Somehow. Even though I was being hired as a digital marketing manager, they had failed to Google me. The HR team didn’t Google me. the interim CMO didn’t Google me. None of the consultants who were asked to interview me, Googled me. It’s right there at the top, it’s the top news site on the web. Huffington F-in Post with my smiling writer’s profile picture. It’s even at the top of my LinkedIn profile, though I don’t go into the subject matter on that site.

I handed the key card to the CEO. I really wanted to say something. I wanted to ask him, “What’s so scary that he couldn’t look at me or talk to me.” Picked up my empty computer bag and looked right at him. I did not offer a handshake or a word of acknowledgement. As I walked out of the hip and cool office, with the not-so hip and cool hipster-looking CEO with his fancy suit and flair for purple pocket squares, I knew that I had dodged a very serious bullet.

I was sad for about 30 minutes as I drove across town. I needed iPhone charging cables for the entire crew, so I was headed to a store to get them. I had been excited by everything I could understand about the company. My first day had been grueling, but I was prepared to dig in and create some big wins for this small company. But the small-minded CEO would’ve been a problem. I am lucky. If I had gotten our crew halfway back to earth when the coup de grace happened, it would’ve proved disastrous for all of us.

No, as I returned to home base, I had a sense of relief. The fit was wrong. I don’t know what triggered the execution, but I’m glad they didn’t give me life in prison or worse, death.

I had made the exuberant mistake of updating my LinkedIn profiles and telling most of my friends about my new gig. That morning, as I returned to the survival bunker and told my horrified mother, it was a bit of a low point. But it started an even deeper quest.

Again, this was a moment of great despair for me, but I was not about to show it or lose the momentum I had gained from my victory. Even if that win didn’t pan out, the gift was more one of hopefulness and resilience in spite of such a traumatic blow to my career and ego. But from that moment on, I was able to see an even deeper value in what I was writing. Right there, this writing, was more important than a closeted, man of fear’s, knee jerk reaction.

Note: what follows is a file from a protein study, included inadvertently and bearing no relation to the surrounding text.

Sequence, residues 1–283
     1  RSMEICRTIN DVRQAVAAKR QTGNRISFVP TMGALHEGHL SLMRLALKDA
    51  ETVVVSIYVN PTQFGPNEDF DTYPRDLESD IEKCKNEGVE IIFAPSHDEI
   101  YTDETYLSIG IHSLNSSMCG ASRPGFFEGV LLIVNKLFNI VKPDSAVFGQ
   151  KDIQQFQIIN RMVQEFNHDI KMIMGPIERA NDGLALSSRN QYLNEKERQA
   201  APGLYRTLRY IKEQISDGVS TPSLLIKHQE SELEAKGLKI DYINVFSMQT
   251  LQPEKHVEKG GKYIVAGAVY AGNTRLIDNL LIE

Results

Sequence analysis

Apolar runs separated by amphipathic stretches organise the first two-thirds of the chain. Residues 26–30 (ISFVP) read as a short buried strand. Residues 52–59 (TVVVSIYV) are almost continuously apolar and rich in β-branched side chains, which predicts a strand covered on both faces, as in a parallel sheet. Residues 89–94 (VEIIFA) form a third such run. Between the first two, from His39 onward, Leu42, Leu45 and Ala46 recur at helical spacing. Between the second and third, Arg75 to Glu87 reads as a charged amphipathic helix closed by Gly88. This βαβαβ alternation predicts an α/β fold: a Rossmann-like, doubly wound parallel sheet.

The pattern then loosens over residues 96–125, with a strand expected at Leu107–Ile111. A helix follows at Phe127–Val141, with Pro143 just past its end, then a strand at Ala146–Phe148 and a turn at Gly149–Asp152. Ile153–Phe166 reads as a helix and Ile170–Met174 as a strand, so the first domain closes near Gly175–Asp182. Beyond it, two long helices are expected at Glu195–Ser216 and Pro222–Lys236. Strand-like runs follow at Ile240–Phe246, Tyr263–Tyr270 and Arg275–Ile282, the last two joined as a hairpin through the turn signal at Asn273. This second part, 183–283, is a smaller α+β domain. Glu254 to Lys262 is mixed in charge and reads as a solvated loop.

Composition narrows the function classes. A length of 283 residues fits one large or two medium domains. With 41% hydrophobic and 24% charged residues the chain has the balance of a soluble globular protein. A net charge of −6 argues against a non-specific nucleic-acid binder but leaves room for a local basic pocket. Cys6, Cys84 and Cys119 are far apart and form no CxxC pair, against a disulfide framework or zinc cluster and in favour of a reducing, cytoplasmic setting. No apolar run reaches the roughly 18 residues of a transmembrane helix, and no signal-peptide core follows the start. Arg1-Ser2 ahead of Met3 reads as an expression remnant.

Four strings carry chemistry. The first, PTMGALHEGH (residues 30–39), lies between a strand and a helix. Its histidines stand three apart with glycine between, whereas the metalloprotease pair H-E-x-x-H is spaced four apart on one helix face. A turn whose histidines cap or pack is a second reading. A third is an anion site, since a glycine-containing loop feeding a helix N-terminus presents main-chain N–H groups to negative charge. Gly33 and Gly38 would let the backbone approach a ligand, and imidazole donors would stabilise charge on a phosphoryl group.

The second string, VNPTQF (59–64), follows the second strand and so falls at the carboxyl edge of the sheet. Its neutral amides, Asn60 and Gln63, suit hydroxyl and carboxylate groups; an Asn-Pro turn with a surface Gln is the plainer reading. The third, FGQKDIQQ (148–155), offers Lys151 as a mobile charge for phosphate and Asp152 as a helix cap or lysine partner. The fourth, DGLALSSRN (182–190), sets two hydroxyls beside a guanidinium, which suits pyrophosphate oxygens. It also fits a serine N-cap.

I suppose if I had been less certain of the value and purpose of my “divorced dad” writing I would’ve had a real crisis on my hands. But instead, the little mind of this company’s CEO emboldened me to my purpose. My leadership and confidence actually grew a bit stronger, as I understood how important this writing has been to me. I had to look deep into my own soul about the purpose of what I was doing here, and I came back with a resounding answer: this work and exploration of being the best single parent I can be, is one of my life’s purpose. What I had gained through the course of sharing and digging deeper into my own understanding and failures was a super-positive understanding of what parts were important in my life and what parts were critical, but less important.

Even as my mom was freaking out, at me, at the Huffington Post, and my former employer, I was smiling inside. I did not miss stride or fall into the pits of despair. I simply shared with her my renewed understanding.

After mere survival, being a better parent and a strong positive force in my kids lives was the most important task in my life. Finding the positive side to every aspect of being a single parent is not always easy, but even at the start of this blog, I recognized the changes that began taking place. With each conflict or hardship I had an opportunity. If I wanted to put the story in the WHOLE PARENT I had to find the good aspects of the lesson, or work to create the good result from the hard left change in direction.